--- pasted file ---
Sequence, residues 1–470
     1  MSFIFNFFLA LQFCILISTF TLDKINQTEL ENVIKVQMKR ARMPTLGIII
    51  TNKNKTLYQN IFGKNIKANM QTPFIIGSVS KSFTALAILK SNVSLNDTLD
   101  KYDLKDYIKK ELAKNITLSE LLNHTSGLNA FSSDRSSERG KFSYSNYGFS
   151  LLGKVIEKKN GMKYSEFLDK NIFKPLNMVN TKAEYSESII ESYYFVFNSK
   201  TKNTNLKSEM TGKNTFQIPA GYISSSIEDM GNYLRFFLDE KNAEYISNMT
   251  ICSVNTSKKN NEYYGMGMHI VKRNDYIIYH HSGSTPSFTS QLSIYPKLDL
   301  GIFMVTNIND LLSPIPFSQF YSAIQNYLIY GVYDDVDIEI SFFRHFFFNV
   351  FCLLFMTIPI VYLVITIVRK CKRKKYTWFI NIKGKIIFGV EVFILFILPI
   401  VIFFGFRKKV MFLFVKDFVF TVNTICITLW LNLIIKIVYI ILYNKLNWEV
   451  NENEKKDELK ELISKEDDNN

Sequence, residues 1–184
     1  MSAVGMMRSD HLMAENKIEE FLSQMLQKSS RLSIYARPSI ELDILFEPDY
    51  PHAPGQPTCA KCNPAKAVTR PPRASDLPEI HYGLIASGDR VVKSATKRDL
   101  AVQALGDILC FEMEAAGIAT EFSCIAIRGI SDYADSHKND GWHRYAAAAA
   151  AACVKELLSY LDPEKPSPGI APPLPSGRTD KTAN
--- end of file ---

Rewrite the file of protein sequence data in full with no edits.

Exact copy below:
Sequence, residues 1–470
     1  MSFIFNFFLA LQFCILISTF TLDKINQTEL ENVIKVQMKR ARMPTLGIII
    51  TNKNKTLYQN IFGKNIKANM QTPFIIGSVS KSFTALAILK SNVSLNDTLD
   101  KYDLKDYIKK ELAKNITLSE LLNHTSGLNA FSSDRSSERG KFSYSNYGFS
   151  LLGKVIEKKN GMKYSEFLDK NIFKPLNMVN TKAEYSESII ESYYFVFNSK
   201  TKNTNLKSEM TGKNTFQIPA GYISSSIEDM GNYLRFFLDE KNAEYISNMT
   251  ICSVNTSKKN NEYYGMGMHI VKRNDYIIYH HSGSTPSFTS QLSIYPKLDL
   301  GIFMVTNIND LLSPIPFSQF YSAIQNYLIY GVYDDVDIEI SFFRHFFFNV
   351  FCLLFMTIPI VYLVITIVRK CKRKKYTWFI NIKGKIIFGV EVFILFILPI
   401  VIFFGFRKKV MFLFVKDFVF TVNTICITLW LNLIIKIVYI ILYNKLNWEV
   451  NENEKKDELK ELISKEDDNN

Sequence, residues 1–184
     1  MSAVGMMRSD HLMAENKIEE FLSQMLQKSS RLSIYARPSI ELDILFEPDY
    51  PHAPGQPTCA KCNPAKAVTR PPRASDLPEI HYGLIASGDR VVKSATKRDL
   101  AVQALGDILC FEMEAAGIAT EFSCIAIRGI SDYADSHKND GWHRYAAAAA
   151  AACVKELLSY LDPEKPSPGI APPLPSGRTD KTAN